In Jesus’ name we pray,


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It's opposite day

Opposite Day is an unofficial holiday that can be defined as a day when every action is modified so that its meaning is negated. In other words, someone says the opposite of what they mean. It can also mean just doing things backwards – or opposite. Have breakfast for dinner, for example. I like eggs and bacon and cinnamon toasts often for dinner – and not just on opposite day! I think that opposite day can also mean doing the exact opposite of what the world expects.

Going opposite of what the world expects is the norm with Jesus. With Jesus, it’s opposite day every day. Why is that? The world wants one thing and Jesus wants the opposite. The world often values success, comfort, entertainment and sports, and getting ahead. Jesus values getting behind, humility, putting others first, and not having worldly success. So it’s opposite day. Jesus has mysterious yet opposite sayings like these:

“Whoever tries to keep their life will lose it, and whoever loses their life will preserve it.” Luke 17:33.

“For all those who exalt themselves will be humbled, and those who humble themselves will be exalted.” Luke 18:14.

“…whoever wants to become great among you must be your servant, and whoever wants to be first must be slave of all. For even the Son of Man did not come to be served, but to serve, and to give his life as a ransom for many.” Mark 10:43-45

In the last saying in Mark’s gospel, Jesus is responding to James and John – two of his best friends and two of his disciples. They ask for the best places to sit in paradise with Jesus, on his right and his left. Basically they want to be exalted. Maybe they just want to be close to Jesus, which is a good thing. But they also want special treatment by Jesus over their fellow disciples – not a good thing. They want the best spots to sit. Jesus doesn’t say yes to them but tells them instead in order to be great they must be servants, and whoever wants to be first must be a slave - or last. Opposite day.

To save your life you must lose it. Jesus is saying if you want to keep things nice and cozy for yourself so be it. But to follow Jesus means to carry your own cross – each person has to give up or sacrifice something in order to truly follow Jesus. Opposite day.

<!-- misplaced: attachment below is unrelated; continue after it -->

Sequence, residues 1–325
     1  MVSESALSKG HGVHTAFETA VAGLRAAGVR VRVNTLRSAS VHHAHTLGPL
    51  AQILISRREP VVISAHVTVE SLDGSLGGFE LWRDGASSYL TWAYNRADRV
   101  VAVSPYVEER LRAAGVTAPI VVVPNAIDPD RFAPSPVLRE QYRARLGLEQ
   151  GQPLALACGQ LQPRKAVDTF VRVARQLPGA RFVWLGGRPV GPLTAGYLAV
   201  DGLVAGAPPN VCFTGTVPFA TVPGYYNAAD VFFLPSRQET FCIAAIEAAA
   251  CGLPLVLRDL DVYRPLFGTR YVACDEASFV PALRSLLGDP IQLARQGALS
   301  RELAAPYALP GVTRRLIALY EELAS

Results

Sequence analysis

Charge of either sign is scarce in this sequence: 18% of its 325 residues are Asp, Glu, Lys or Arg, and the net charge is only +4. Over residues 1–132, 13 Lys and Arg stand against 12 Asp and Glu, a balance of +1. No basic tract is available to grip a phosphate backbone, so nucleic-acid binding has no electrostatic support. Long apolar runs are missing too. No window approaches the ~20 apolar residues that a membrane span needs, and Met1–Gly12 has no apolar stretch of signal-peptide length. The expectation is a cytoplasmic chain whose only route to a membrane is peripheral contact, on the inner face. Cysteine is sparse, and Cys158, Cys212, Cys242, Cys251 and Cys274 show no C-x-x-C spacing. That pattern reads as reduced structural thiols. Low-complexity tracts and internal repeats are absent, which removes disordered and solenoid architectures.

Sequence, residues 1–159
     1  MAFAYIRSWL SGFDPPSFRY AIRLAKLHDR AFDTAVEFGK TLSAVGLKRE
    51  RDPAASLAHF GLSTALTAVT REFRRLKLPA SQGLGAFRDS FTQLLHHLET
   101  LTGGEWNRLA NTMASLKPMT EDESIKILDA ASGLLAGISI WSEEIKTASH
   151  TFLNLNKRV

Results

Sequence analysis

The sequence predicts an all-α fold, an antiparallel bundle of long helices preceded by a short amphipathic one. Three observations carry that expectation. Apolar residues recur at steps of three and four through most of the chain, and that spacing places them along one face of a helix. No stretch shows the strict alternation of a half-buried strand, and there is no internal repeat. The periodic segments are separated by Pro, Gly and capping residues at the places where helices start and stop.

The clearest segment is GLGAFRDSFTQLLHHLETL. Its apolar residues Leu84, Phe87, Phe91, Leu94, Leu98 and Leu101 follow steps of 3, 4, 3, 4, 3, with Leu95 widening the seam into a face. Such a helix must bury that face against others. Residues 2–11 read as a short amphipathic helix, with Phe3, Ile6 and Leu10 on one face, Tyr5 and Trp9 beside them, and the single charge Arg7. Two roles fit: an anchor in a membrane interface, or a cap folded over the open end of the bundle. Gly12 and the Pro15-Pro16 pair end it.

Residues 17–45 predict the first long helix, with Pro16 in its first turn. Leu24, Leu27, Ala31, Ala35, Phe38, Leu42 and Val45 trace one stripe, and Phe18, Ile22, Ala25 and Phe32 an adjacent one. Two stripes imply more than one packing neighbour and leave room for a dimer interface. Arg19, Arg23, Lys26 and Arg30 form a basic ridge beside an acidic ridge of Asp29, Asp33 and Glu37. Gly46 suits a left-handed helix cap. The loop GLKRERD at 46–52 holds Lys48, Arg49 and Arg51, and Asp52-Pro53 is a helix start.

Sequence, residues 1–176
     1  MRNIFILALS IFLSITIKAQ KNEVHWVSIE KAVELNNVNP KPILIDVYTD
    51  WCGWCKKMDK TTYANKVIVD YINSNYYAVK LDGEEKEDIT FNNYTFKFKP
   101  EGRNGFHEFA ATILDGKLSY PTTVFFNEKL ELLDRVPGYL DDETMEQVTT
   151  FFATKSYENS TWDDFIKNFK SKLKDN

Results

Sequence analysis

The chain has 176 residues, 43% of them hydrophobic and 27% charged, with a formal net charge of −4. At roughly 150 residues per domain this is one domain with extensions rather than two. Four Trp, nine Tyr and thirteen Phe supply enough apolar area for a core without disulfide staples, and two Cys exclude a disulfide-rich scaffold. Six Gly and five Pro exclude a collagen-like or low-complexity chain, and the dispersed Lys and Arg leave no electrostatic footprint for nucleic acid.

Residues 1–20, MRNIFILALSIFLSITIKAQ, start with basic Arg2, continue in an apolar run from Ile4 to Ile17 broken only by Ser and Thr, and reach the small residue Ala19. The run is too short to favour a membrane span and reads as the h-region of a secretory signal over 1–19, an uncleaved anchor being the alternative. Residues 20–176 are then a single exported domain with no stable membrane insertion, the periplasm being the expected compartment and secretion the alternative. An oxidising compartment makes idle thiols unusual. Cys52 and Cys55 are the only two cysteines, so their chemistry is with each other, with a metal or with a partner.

Jesus criticizes the religious leaders. Jesus touches lepers and heals the hurting and wants a rich young man to sell his possessions to give to the poor. Opposite day.

Instead of coming as a king or military leader, Jesus comes as a humble baby born to poor teenagers. Instead of obeying all of the laws of the Pharisees, Jesus comes to fulfill the law. He fulfills the law and highlights loving God and loving neighbor over legalistic minutiae. Instead of overthrowing the Roman government, he allows himself to die – even die on a cross. Opposite day.

So as we end our Lenten season and draw near to Good Friday and Resurrection day, what will do with Jesus? We can be opposite like him. Sometimes I think we make our faith too complicated. The Bible can be hard to understand in places and faithful Christians differ on some of the non-essentials of our faith. Yet, we can agree we need to follow Jesus – and be opposite like him. So in that way, we can make it simple. As we remember and celebrate Jesus, we can be thankful for his grace for us. And in our thanks, we can live for him. We can put others before self; care for the poor and hurting; be humble instead of prideful; and pray to Jesus to ask him what crosses we should be carrying to be like him. We can be last instead of first, and serve instead of being served. I know I am far from perfect in my desire and my actions to be like Jesus. But the inspiration of Easter and the act of learning more about Jesus in the gospels can move me forward in my effort of being like Jesus. At Easter and all year, I want be opposite with Jesus. With Jesus, it’s opposite day every day.